Both chronic pain conditions and obesity are major and increasing public health concerns, and the connections between the two have been firmly established in the medical literature. But as the prevalence of obesity worldwide—and particularly in the United States, where obesity estimates far exceed the world average—continues to grow, a deeper understanding of this connection could potentially benefit both practitioners and patients. A recent large-scale study shows that up to 69% of adults were overweight, with about 35% in the obese category.
A recent review article
in The Journal of Pain Research
looked at the accumulating evidence strongly suggesting that pain and obesity are “significantly related to each other, and obesity is potentially a marker of greater functional and psychological complications of chronic pain.” The study covered the connection between obesity and chronic pain of many types, including osteoarthritis, migraine, lower-back pain, and even vitamin D deficiency—as well as offering a look at the factors that may contribute to sustained weight loss.
A host of clinical research articles suggest that the conditions are significant comorbidities, adversely impacting each other—along with many other interacting factors.According to the study authors, “Overall, research suggests that obesity makes chronic pain more problematic in general. Obesity is related to greater physical disability and psychological distress in chronic pain patients.Compared to non-obese patients, obese back pain patients appear to be more functionally impaired, have greater comorbid problems, and have more radicular symptoms than non-obese counterparts.”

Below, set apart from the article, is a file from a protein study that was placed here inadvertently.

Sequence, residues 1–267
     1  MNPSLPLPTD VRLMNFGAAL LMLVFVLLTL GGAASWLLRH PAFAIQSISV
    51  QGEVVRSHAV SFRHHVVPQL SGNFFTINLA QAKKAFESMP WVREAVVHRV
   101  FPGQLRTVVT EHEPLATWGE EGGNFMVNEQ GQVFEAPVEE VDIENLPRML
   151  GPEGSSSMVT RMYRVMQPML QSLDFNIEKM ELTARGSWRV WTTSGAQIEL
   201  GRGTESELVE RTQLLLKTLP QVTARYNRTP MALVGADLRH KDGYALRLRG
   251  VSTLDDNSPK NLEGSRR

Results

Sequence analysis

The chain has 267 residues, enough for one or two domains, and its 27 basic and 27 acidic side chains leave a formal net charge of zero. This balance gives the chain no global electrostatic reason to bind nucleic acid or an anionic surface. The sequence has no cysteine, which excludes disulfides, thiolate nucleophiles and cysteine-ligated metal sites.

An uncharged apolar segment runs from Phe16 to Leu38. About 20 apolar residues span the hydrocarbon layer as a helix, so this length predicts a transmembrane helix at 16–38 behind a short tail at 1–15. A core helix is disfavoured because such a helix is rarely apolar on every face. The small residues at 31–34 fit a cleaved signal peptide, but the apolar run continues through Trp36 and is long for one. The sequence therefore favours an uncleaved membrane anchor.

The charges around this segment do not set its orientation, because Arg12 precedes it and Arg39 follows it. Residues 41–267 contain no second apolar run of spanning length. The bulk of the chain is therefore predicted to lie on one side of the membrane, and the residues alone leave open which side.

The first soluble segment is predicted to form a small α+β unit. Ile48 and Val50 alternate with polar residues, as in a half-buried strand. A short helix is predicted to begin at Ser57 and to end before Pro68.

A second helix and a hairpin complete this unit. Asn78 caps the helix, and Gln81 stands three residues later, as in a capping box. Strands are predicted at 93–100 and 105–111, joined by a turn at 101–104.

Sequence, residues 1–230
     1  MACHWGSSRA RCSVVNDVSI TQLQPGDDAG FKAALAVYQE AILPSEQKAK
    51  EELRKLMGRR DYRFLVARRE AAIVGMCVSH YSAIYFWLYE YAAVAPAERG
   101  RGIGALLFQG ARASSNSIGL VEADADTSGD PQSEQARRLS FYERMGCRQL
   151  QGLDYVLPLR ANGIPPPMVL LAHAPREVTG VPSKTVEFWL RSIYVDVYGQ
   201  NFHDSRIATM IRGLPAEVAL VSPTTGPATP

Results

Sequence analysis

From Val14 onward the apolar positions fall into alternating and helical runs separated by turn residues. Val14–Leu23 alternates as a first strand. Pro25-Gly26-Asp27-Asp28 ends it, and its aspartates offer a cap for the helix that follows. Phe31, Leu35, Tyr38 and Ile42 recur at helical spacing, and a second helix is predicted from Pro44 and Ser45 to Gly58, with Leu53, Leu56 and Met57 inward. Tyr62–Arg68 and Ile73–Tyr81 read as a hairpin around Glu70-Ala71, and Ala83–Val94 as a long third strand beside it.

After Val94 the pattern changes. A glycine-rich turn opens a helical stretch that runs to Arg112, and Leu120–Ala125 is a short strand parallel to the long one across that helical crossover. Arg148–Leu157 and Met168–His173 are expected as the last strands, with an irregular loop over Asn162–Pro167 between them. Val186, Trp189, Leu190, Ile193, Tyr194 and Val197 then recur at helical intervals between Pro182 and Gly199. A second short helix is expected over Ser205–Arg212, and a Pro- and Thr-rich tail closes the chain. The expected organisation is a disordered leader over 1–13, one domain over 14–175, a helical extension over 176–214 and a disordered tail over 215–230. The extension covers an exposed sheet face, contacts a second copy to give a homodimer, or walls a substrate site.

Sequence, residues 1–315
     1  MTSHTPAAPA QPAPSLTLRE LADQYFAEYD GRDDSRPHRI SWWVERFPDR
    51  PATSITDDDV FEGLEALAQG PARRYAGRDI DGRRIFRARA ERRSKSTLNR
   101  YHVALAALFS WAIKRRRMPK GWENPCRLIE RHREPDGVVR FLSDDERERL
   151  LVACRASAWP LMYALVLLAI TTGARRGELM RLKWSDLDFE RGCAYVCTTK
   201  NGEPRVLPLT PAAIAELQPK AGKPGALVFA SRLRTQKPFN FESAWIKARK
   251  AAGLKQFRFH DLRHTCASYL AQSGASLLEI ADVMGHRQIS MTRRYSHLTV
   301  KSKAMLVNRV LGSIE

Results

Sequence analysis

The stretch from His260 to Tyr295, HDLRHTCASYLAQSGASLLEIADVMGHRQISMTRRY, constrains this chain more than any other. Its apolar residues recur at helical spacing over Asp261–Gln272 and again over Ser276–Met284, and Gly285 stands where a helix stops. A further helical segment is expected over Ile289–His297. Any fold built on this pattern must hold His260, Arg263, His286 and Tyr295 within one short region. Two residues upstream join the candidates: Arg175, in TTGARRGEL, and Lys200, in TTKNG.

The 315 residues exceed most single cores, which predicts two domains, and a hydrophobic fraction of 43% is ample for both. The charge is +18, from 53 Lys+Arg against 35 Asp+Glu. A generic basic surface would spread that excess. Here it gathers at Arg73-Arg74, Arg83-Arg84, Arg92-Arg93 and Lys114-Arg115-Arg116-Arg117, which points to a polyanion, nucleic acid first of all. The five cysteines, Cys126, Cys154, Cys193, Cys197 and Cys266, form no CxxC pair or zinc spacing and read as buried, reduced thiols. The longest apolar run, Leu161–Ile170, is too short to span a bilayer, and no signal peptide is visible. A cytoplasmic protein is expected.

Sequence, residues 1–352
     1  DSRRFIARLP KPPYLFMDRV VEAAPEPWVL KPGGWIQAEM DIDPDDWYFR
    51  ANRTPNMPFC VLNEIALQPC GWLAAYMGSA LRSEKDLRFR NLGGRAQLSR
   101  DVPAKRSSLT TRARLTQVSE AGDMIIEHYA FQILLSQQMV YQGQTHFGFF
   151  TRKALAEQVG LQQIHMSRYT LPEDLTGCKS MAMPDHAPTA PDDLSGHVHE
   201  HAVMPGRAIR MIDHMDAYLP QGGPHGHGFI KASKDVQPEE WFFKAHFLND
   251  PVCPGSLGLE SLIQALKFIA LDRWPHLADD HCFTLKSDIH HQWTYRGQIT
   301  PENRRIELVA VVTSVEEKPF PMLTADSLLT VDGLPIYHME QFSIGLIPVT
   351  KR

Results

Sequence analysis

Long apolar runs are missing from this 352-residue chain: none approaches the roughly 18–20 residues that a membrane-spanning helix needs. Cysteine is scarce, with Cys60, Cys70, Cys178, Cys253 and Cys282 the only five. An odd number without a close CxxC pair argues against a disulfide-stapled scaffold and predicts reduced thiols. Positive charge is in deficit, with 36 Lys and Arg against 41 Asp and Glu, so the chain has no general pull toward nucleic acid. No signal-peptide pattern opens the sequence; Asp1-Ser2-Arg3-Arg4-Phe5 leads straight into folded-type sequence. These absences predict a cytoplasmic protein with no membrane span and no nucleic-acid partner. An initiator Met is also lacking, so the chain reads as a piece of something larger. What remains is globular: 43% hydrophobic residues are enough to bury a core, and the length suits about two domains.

One of the factors leading to increased incidence of chronic pain in obese patients is the heavy weight on joints and the spine. Higher body mass index is associated in arthritis research with greater defective change in knee cartilage and joint space widths. A separate recent study indicated that obese individuals exert significantly greater disk compression force while lifting compared to normal weight individuals, and there are strong links to obesity and degenerative disk disorder. The study also looks at the role of vitamin D in obesity and chronic pain. Low levels of vitamin D appear to be more common in obese people, and poor skeletal mineralization due to vitamin D deficiency may lead to complaints of achiness in the joints and muscles including knee osteoarthritis.
Research suggests that obesity is not only a risk factor for osteoarthritis but also may complicate recovery from joint replacement surgery. Obesity in chronic joint pain may also be related to greater consumption of analgesics; one study noted that obesity was related to daily consumption of analgesics, and obese patients were more likely to be taking strong opioids than normal weight patients.
Among the clinical implications outlines by the review, the authors note that a study of approximately 800 women estimated that the risk of developing knee OA can be reduced by 50% if a person loses as little as 5 kg. Several other studies have shown a direct link between weight loss and joint pain, joint stress, chronic pain, and even migraine pain.
The study authors caution that, “The aforementioned factors are presented as the potential link between obesity and pain. However, some cautionary words need to be in place. None of these factors are likely to explain the entirety of the relationship on their own”